Changes Ahead for Prop 13?

​Passed in 1978 by 65% of voters, in response to a perception of out of control property tax increases, Proposition 13, among other things, sets the property tax rate at 1% of assessed value, restricts annual increases of assessed value to not exceed 2% per year, requires that local special tax increases be approved by voters with a two-thirds vote, and requires that state tax increases be approved by a two-thirds vote of each house of the Legislature.  Since that time, Prop 13 has been blamed for everything from poor schools to potholes.

Last week the latest attempt to change California’s legendary Prop 13 tax system was unveiled.  Senator Holly Mitchell (D-Los Angeles) and Senator Loni Hancock (D-Oakland) advanced a plan for a split roll property tax measure and held a press conference with a number of public employee labor groups to announce the effort.  “Split roll” literally means splitting the tax rules so that home owners will still be protected by Prop 13, but commercial property would not.

SCA 5 would amend the State Constitution to allow for regular reassessments of commercial and industrial property to their fair market value (rather than establishing the value once, at the time of purchase), starting with the 2018-19 fiscal year. However, the constitutionally mandated 1 percent tax rate would be retained.  Proposition 13 protections would continue to apply to residential rental property and agricultural property.  If approved by two-thirds of the Legislature the measure would be placed on the November 2016 ballot.  The Governor’s signature is not required.

The measure would also provide for a five-year phase-in of regular fair market value reassessments for certain commercial and industrial property owners; and exempt from personal property taxes $500,000 of tangible personal property used for business purposes, beginning January 1, 2019.

The California Business Properties Association is coordinating with Californians to Stop Higher Property Taxes and allied groups such as the California Chamber, CalTax, and Howard Jarvis, to respond.  The anti-tax folks have come up with some pretty compelling facts and arguments as to why Prop 13 should be left alone:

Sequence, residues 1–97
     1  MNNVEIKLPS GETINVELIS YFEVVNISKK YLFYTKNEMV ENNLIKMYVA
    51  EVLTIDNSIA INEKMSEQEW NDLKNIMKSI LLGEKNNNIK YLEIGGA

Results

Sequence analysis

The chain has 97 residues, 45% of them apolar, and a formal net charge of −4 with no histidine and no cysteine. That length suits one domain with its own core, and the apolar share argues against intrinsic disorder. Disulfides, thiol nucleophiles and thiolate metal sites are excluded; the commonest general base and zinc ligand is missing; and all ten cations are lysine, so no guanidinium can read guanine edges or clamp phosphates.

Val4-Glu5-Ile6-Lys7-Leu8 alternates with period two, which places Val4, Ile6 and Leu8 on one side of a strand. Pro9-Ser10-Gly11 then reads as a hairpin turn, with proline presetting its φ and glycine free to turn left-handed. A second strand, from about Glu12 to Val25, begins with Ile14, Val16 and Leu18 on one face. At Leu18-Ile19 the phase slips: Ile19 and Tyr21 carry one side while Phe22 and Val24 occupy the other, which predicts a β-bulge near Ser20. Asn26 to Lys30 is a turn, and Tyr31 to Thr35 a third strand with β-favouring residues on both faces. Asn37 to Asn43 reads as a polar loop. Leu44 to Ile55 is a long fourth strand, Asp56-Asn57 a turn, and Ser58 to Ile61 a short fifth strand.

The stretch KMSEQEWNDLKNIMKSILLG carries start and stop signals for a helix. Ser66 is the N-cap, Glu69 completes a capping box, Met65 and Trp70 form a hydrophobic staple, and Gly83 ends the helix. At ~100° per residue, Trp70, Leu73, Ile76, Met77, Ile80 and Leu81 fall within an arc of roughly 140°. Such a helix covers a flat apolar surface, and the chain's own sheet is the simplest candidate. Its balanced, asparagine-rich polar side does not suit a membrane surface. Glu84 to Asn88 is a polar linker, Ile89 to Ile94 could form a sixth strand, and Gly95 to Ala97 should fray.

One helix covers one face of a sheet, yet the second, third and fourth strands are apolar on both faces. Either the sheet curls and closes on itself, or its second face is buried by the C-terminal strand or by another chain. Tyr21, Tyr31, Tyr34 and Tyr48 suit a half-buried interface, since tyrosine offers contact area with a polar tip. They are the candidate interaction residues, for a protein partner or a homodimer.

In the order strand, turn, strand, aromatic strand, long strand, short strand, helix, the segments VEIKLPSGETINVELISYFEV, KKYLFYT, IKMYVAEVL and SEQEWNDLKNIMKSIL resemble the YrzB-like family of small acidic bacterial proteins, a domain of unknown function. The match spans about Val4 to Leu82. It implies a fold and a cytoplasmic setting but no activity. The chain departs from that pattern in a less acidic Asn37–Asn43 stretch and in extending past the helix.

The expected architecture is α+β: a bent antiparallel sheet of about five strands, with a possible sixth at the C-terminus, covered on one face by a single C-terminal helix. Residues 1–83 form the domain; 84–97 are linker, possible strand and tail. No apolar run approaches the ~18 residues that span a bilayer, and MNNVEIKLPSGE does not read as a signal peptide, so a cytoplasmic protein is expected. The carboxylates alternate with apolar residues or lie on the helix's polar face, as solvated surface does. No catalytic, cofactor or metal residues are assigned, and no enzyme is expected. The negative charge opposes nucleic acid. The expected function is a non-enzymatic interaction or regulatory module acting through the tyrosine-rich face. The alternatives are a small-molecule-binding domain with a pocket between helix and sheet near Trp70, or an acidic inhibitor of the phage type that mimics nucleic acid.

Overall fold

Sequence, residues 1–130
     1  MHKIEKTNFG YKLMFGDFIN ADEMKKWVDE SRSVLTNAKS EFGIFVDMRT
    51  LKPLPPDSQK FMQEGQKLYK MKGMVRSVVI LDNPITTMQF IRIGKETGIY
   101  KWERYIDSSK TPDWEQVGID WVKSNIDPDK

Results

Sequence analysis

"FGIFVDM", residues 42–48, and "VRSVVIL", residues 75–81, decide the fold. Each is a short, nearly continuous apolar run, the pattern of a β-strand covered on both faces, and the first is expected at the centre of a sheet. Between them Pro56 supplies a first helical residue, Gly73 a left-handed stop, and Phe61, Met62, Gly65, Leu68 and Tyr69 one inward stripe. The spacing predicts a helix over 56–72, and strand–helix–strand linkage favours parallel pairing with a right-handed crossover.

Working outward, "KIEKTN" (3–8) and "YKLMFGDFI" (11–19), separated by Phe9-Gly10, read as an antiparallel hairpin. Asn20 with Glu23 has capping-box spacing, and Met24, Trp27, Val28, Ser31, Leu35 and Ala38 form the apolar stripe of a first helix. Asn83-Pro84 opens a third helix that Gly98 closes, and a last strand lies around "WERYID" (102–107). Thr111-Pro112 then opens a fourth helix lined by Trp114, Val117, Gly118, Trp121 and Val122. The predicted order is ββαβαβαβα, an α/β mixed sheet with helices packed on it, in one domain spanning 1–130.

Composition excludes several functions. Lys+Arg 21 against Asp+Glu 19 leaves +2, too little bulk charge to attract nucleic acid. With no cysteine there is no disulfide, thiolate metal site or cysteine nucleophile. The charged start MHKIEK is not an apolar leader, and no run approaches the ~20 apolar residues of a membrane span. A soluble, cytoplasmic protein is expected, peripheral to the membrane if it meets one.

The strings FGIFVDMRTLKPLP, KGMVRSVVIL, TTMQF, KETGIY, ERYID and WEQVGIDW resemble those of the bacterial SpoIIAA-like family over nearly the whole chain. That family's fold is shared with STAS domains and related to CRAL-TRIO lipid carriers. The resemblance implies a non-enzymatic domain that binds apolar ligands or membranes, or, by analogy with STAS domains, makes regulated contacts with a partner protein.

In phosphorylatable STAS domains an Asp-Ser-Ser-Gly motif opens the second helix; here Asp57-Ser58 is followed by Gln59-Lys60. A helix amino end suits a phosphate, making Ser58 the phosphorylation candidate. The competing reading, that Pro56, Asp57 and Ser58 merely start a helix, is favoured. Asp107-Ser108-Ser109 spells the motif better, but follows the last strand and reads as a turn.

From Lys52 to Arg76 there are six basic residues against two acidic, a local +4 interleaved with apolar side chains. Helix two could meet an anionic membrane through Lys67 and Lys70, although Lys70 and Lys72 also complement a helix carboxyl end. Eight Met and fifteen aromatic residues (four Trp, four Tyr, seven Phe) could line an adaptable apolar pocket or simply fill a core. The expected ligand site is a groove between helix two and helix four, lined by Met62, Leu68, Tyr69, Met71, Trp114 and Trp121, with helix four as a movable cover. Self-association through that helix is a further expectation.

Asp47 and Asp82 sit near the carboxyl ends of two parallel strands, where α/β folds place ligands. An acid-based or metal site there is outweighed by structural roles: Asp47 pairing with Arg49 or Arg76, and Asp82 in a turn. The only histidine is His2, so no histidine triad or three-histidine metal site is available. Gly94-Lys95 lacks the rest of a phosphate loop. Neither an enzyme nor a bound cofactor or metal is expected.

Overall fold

* According to a 2012 report by the Legislative Analyst’s Office, “Property tax revenues increased throughout the recession while other major revenue sources declined significantly.” 

* A Pepperdine study showed that in 2008-09 when California property values faced the dramatic decline in the wake of the sub-prime crisis and the market collapse (industrial and commercial values fell 6.5%), property taxes collected from these same properties actually rose 5.0%. 

* Board of Equalization data shows that the average annual growth of property taxes for non-homeowner property is 7.34% and for homeowners it is 6.82% since Proposition 13 was put in place. Business property taxes have increased at a higher rate than homeowner property taxes. 

* Local government services and schools can more easily plan out their future budgets because property tax revenues are more predictable and stable than other sources of revenue. 

We will keep an eye on this effort as it moves forward.

The issues discussed in this update are not intended to be legal advice and no attorney-client relationship is established with the recipient. Readers should consult with legal counsel before relying on any of the information contained herein. Reuben, Junius & Rose, LLP is a full service real estate law firm. We specialize in land use, development and entitlement law. We also provide a wide range of transactional services, including leasing, acquisitions and sales, formation of limited liability companies and other entities, lending/workout assistance, subdivision and condominium work.